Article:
Conveying Chinese Medicine to Seventeenth-Century Europe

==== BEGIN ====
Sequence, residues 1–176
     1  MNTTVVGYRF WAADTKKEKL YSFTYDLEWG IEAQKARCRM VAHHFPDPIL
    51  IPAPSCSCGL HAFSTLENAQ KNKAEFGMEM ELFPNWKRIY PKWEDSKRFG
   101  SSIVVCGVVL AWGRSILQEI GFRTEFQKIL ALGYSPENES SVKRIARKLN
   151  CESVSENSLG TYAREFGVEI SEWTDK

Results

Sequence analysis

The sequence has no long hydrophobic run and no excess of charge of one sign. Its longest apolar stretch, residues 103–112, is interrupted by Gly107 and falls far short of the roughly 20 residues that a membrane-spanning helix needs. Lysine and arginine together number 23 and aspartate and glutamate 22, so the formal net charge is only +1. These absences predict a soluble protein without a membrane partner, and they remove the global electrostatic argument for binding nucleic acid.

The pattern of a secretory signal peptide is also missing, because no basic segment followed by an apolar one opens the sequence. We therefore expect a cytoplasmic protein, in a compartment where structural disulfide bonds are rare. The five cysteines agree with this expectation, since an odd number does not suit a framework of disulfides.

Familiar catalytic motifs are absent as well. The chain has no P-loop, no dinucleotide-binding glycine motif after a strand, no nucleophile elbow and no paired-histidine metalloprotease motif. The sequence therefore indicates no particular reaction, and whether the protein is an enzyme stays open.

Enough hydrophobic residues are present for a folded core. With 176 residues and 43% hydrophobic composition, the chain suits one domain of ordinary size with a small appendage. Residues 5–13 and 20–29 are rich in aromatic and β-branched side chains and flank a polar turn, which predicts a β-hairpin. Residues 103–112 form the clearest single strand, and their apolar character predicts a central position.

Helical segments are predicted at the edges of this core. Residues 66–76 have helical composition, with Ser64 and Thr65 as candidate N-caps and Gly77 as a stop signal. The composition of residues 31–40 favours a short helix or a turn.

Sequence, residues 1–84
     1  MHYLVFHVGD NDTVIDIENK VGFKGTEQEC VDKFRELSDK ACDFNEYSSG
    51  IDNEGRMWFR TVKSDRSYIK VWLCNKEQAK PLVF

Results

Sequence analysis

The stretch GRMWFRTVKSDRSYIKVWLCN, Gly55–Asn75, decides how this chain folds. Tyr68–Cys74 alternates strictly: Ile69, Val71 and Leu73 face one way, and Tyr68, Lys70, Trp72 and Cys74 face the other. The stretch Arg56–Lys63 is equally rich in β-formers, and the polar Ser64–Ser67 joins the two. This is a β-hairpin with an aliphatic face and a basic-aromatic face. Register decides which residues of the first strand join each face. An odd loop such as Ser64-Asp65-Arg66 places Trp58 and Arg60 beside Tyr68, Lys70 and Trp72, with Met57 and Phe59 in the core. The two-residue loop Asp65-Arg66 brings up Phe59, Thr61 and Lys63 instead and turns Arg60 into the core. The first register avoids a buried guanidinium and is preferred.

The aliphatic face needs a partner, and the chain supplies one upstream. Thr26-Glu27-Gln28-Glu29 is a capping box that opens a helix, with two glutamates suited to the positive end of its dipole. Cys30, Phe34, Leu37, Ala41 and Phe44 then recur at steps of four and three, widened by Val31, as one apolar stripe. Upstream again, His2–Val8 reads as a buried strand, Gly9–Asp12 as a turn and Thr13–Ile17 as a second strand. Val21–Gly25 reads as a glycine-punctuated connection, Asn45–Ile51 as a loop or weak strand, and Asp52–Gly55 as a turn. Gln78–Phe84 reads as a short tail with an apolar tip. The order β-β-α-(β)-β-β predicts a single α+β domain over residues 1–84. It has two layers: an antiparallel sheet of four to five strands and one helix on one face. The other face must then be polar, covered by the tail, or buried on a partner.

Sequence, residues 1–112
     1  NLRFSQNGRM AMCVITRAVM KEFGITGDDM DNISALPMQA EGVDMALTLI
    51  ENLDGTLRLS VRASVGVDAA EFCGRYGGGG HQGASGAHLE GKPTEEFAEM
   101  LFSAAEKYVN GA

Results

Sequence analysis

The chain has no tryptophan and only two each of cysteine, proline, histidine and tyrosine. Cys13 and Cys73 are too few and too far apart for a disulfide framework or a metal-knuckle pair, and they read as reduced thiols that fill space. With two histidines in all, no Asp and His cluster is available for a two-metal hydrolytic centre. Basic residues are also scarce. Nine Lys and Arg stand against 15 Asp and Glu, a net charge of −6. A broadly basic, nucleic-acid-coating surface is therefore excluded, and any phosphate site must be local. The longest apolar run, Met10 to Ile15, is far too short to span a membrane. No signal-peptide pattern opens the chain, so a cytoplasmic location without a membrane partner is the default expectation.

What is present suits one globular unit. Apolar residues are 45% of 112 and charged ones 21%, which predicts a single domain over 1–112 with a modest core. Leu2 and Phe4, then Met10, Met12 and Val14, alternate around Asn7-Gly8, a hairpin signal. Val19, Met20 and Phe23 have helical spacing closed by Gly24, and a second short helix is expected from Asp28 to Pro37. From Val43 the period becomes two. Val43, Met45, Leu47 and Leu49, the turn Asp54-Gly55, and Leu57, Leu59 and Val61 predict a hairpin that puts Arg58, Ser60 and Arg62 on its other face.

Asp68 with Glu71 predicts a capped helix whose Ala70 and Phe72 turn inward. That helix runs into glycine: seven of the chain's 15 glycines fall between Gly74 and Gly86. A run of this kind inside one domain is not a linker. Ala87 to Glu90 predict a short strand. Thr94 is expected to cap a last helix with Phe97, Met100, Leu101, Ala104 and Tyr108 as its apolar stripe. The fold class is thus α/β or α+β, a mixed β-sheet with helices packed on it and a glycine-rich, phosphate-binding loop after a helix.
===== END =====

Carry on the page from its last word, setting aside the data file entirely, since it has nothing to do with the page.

Several hitorian have recently drawn our attention to the importance of the search for useful medicines by Portuguese, Spanish, English, and Dutch investigators. Less well-known, however, are European publications about medical ideas and practies they encountered elsewhere. The first European Publications of and commentaries on Chinese medical texts appeared in France and Germany in the 1670s and 1680s: Les secrets de la Médecine des Chinois, (1671), the specimen Medicinæ sinicæ (1682), the Clavis Medica and Chinarum Doctrinam de Pulsibus (1686). The projects that resulted in the publications of the 1680s were in effect a sometimes fractious but collaborative effort between the Jesuits in China and the Dutch and German medical employees of the VOC in Asia, and thei local informants, over a period of at least two decades. The story of how two works on Chinese medicine came to appear in Germany, in Latin, in the 1680s, therefore reflects the aims and efforts of multiple people and groups.